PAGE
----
County Controller Chelsa Wagner had harsh words for Gov. Tom Corbett, and his proposed budget cuts, as she outlined the county's finances today.
"I think it's very, very, very fair to say we've been dealt a bad hand by the state," Wagner said at a morning news conference. "And it's one I find particularly disappointing when we have a governor from Allegheny County looking at the cuts proposed in this budget year." "We need Gov. Corbett to remember where he came from," she later said of the Shaler Republican.
While presenting a report on the state of county finances for 2011, Wagner called on Corbett to reinstate two state grants the county had been receiving for public safety. The grants amounted to approximately $7.5 million.
In reviewing the county's books, meanwhile, Wagner noted the areas of greatest concern are: a decrease in the general fund balance; dependence on one-time funding sources; and state and federal funding cuts -- as well as "looming uncertainty" involving future funding streams.
"I think the message is clear that county government can no longer exist in a constant state of financial instability with little flexibility and inadequate resources for us to invest in the future," she said.
Wagner pointed to the General Fund balance as one of the county's "most pressing financial issues," while noting that rating agencies suggest keeping a fund balance of $35 million. In 2002, the county's fund had $47.4 million in it; at the end of 2011, it had $6.2 million.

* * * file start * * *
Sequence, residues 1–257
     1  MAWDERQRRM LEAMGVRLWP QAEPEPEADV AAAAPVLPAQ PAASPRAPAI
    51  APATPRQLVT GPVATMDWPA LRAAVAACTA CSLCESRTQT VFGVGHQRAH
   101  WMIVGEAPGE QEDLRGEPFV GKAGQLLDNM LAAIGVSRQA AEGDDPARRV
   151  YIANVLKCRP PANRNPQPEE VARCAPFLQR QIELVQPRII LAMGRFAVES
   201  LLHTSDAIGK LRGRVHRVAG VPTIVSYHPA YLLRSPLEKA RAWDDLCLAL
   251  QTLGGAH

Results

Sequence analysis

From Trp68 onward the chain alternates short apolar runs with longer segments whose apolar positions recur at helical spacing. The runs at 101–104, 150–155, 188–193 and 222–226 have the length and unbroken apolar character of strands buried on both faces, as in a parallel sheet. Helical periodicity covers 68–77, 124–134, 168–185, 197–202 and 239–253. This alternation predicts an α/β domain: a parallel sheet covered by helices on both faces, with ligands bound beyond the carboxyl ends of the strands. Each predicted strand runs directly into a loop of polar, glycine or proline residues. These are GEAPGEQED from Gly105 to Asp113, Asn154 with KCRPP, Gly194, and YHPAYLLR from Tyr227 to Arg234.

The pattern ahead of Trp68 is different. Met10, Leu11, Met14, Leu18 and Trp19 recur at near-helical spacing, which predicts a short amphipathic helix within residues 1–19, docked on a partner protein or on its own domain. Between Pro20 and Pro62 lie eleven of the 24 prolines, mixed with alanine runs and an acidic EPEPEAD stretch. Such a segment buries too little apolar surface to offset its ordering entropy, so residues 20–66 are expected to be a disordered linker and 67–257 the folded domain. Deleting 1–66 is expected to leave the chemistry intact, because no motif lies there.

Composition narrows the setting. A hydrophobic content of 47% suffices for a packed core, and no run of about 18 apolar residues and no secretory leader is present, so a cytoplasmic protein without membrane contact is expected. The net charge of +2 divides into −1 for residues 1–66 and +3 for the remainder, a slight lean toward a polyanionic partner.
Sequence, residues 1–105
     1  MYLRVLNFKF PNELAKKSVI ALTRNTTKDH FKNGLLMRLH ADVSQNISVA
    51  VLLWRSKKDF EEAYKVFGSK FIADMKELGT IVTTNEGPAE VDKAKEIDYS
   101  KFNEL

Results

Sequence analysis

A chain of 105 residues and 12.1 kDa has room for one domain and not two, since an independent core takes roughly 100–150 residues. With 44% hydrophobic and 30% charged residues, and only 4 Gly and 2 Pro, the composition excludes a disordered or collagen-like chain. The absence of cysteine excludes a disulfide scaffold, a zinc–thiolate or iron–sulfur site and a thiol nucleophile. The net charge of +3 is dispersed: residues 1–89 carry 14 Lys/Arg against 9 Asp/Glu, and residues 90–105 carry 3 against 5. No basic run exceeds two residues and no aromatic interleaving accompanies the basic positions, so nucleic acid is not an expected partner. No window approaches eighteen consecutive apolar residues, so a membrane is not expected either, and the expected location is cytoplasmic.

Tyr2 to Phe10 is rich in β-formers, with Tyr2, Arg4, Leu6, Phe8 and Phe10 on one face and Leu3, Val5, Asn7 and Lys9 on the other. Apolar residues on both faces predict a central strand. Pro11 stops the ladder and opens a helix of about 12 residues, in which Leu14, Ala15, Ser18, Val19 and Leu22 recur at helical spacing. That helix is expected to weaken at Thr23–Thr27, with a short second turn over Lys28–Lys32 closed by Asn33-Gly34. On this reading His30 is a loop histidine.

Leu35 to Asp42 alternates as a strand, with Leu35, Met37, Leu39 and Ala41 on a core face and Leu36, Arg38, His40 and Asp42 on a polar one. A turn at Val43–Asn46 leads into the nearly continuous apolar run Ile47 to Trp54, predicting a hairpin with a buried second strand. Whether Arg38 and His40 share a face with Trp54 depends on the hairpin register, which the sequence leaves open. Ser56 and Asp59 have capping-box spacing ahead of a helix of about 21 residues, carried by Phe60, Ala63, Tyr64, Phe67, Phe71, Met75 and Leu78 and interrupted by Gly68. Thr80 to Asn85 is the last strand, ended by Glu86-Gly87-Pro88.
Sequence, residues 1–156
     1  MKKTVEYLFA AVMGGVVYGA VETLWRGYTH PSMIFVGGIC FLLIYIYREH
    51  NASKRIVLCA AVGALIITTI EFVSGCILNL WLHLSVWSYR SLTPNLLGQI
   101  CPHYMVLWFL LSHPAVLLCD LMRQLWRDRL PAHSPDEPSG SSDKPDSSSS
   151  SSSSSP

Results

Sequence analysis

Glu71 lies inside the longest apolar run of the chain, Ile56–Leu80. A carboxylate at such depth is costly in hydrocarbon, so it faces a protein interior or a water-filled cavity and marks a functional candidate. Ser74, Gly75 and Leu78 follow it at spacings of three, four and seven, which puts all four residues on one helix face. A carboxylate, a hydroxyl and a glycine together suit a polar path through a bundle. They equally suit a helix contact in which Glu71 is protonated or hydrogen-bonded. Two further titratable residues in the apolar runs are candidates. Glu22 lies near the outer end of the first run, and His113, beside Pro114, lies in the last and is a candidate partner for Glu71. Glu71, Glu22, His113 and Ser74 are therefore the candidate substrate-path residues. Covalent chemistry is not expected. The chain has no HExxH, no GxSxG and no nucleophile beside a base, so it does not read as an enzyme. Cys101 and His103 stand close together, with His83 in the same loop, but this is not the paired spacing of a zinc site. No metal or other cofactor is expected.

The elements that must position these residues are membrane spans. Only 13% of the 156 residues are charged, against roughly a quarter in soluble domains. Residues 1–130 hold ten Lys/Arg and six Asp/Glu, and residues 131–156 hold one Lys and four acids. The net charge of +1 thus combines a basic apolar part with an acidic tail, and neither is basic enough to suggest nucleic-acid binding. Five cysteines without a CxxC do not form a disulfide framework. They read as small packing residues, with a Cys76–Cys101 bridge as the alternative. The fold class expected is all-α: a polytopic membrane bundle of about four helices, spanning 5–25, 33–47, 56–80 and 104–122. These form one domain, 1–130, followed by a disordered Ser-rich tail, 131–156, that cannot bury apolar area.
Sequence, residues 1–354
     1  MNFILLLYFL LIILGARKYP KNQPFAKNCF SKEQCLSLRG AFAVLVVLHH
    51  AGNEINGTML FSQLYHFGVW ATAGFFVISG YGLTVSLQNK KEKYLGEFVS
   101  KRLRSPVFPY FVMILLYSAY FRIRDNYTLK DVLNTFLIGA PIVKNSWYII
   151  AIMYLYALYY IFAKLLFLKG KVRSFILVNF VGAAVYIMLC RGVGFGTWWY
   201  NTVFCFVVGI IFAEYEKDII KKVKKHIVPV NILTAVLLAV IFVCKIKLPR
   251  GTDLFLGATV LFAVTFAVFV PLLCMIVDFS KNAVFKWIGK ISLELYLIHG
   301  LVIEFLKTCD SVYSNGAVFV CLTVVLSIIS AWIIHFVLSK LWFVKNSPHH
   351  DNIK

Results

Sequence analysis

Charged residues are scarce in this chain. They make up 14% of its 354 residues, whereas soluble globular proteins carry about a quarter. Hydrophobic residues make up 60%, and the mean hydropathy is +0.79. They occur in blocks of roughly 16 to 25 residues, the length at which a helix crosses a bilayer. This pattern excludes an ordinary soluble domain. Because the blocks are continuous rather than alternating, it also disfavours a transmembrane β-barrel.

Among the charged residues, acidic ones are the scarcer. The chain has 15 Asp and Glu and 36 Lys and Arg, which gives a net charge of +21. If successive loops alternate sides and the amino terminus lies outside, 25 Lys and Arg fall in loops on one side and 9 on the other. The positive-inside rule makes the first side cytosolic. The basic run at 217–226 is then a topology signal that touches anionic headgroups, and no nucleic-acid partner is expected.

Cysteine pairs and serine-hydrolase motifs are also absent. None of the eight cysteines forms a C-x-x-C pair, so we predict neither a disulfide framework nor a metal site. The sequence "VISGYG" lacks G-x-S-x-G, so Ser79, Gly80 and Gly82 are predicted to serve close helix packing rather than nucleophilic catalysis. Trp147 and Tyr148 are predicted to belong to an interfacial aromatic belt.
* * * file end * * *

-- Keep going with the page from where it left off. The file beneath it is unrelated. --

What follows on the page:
"This is lower than many school districts in Allegheny County," she said. "We keep kicking the can down the road and at some point, we're going to have face the problem," she said.
And though the county has already levied a 1-mill property tax increase estimated to generate $53.8 million, Wagner said the new revenue will have only a small impact. "This is really going to be plugging holes from lost funding sources."
Among the items Wagner said she was "cautiously optimistic" about: The region's housing market grew in 2011; economic development created 11,400 new jobs and retained 5,260 in the region; and that the county's unemployment rate stayed below the state average.
In a statement released this afternoon, county executive Rich Fitzgerald said he wasn't surprised by Wagner's findings. "Our $6 million fund balance is the lowest it has ever been. Although we have controlled costs and streamlined government, we have also seen decreases in state and federal funding that we have had to contend with at the county level."
The statement further asserted that the 1-mill increase will prevent laying off 1,000 employees and that his office is meeting with every department to review budgets and identify savings.
"Our directors and employees are already doing more with less and we're now asking even more of them," Fitzgerald said.